POWER is what parliamentary democracy is all about and last night as the Tory rebels delighted in saying: “Parliament took back control.”

The drama of Westminster does not get more exciting when the stakes are high and there is a knife-edge vote. The atmosphere in the chamber was electric.

The tense nature and importance of the set-piece parliamentary event was underscored when as the division was called would-be Conservative rebel Vicky Ford appeared to be wavering this way and that between the aye and no lobbies before being ushered towards the Government side by Chancellor Philip Hammond and Brexiteer MP James Cleverly.

Despite the last-minute concessions, MPs had made up their minds.

It all came down to who has the power, the final say, on the Brexit deal.

The Government had made clear there would be a "meaningful vote" on implementing the deal but this was regarded as a take-it-or-leave-it offer; that when it came down to it all MPs would be doing would be rubber-stamping what Theresa May and David Davis had negotiated.

As Chris Leslie, the former Shadow Chancellor, on behalf of Open Britain, which campaigns for closer ties with the EU, put it: “The Government were demanding a blank cheque to take Britain out of the EU with a bad deal or even no deal but…this means MPs will have the power to scrutinise any Brexit deal the Government negotiates, to vote on it, and if necessary to send ministers back to the negotiating table.”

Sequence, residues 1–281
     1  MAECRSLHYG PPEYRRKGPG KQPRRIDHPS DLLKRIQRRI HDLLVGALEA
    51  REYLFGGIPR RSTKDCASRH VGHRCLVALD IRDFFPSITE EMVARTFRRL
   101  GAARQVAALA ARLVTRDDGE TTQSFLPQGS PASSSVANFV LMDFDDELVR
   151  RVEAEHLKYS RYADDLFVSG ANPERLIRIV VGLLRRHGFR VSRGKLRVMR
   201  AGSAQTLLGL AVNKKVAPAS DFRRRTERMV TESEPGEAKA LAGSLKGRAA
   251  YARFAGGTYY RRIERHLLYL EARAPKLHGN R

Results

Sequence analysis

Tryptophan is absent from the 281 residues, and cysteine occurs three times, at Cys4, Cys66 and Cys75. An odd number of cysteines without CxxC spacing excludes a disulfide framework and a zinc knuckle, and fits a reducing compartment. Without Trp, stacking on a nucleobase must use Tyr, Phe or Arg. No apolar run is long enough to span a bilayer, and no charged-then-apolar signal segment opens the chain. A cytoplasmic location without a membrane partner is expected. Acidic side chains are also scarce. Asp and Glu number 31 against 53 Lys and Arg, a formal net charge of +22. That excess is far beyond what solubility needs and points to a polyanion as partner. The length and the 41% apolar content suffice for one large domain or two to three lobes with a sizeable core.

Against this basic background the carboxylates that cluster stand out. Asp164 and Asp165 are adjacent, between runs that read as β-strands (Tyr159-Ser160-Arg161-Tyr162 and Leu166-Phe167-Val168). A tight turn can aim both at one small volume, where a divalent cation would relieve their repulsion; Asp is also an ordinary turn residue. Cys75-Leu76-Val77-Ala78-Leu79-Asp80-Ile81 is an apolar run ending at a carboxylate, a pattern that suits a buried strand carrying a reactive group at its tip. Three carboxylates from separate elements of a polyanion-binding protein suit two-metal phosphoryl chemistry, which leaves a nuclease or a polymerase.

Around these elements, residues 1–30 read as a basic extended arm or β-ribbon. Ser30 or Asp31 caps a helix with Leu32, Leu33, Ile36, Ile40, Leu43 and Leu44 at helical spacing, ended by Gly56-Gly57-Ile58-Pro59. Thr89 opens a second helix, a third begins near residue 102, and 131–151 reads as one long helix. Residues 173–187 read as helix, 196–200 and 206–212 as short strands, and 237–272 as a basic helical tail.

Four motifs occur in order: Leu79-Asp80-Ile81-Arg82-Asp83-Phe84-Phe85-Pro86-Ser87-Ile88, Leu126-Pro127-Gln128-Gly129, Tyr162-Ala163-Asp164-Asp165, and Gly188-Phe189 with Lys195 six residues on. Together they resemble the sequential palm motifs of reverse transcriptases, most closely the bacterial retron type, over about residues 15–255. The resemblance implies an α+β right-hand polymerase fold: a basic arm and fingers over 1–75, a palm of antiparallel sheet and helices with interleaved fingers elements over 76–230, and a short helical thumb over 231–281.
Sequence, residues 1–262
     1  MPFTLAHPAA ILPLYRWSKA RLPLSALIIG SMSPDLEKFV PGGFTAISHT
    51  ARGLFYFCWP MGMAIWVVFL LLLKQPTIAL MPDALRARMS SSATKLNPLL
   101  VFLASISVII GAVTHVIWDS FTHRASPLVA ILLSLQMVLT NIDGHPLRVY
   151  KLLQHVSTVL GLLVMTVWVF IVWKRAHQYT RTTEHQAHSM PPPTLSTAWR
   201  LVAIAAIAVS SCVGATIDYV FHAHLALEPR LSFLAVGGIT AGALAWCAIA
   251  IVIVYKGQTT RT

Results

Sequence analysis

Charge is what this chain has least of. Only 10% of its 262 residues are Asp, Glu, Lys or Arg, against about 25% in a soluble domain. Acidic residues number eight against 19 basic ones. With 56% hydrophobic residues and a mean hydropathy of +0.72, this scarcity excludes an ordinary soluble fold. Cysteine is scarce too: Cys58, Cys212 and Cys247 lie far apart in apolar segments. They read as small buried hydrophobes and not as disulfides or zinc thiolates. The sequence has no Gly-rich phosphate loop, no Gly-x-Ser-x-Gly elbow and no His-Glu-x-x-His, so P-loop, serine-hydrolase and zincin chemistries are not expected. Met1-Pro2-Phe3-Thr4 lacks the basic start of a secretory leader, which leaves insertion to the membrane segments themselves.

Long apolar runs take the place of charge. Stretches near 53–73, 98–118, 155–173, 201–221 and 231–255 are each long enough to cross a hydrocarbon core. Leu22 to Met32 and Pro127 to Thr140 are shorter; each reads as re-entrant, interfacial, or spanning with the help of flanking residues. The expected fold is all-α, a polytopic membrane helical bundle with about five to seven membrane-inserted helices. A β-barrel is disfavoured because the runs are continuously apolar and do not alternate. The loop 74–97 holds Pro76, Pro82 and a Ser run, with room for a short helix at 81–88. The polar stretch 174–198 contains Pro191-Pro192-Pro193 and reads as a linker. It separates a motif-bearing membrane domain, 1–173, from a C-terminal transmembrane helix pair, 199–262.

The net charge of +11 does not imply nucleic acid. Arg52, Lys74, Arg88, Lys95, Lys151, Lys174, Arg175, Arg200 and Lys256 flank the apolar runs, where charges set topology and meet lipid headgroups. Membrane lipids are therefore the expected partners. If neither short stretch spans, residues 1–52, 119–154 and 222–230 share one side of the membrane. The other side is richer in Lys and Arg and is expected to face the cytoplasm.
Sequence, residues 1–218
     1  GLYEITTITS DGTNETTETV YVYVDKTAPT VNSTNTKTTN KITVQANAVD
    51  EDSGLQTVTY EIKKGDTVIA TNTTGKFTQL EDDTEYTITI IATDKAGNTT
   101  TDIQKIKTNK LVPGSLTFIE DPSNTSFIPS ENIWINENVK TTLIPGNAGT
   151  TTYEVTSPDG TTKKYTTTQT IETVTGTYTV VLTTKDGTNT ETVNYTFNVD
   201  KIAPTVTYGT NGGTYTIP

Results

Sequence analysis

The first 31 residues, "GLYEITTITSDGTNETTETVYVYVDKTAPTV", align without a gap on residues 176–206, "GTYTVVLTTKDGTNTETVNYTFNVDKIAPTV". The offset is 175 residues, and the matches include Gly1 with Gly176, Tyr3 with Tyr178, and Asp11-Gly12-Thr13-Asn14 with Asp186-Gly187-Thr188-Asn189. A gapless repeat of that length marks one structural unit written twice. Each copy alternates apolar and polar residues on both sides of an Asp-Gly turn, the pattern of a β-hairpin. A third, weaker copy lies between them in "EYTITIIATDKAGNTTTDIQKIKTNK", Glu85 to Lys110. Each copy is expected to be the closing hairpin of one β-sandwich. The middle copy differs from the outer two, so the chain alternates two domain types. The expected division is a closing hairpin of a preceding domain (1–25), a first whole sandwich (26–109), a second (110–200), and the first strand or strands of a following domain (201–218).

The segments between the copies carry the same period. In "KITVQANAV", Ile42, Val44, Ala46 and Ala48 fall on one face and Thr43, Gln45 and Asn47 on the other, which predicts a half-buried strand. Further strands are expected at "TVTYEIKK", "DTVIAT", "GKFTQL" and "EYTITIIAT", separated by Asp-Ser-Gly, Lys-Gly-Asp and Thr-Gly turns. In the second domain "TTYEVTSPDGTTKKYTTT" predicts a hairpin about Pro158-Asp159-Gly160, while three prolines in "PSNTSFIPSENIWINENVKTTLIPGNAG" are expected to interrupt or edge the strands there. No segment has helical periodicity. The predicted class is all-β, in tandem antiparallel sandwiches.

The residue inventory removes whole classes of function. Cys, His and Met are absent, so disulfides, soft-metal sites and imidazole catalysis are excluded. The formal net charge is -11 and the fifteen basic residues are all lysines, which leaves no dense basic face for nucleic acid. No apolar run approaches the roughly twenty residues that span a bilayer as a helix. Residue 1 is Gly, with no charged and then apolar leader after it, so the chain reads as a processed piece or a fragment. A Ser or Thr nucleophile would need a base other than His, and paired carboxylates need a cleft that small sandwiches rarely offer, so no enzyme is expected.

This, of course, is not what the Prime Minister and Brexit Secretary wanted at all as, from their point of view, their hands, to echo John Major, will be bound. How many times will they be told by MPs to go back to the negotiating table on this or that? It will hardly be conducive to a smooth and orderly exit.

Ironically, of course, it was the Brexiteers’ referendum mantra that a Yes vote to leaving the EU would mean Parliament would take back control. Last night, it did.

Of course, it means Mrs May’s triumphant entrance into the heart of the Eurocracy later today to receive her prize from the EU27 will be somewhat diminished - just like her authority - but it will underline just what a rollercoaster ride the last few weeks have been.

The Government defeat just adds to the sense that the Brexit process is evolving and that the balance of power is beginning to shift towards the softies.

And, of course, rebellion becomes a habit.

Once the Tory rebels see they can inflict a defeat, their appetite to do the same again is strengthened. Next week, there is another vote on the Government’s aim to get the precise date of Brexit written into the bill. After last night, its chances do not look good.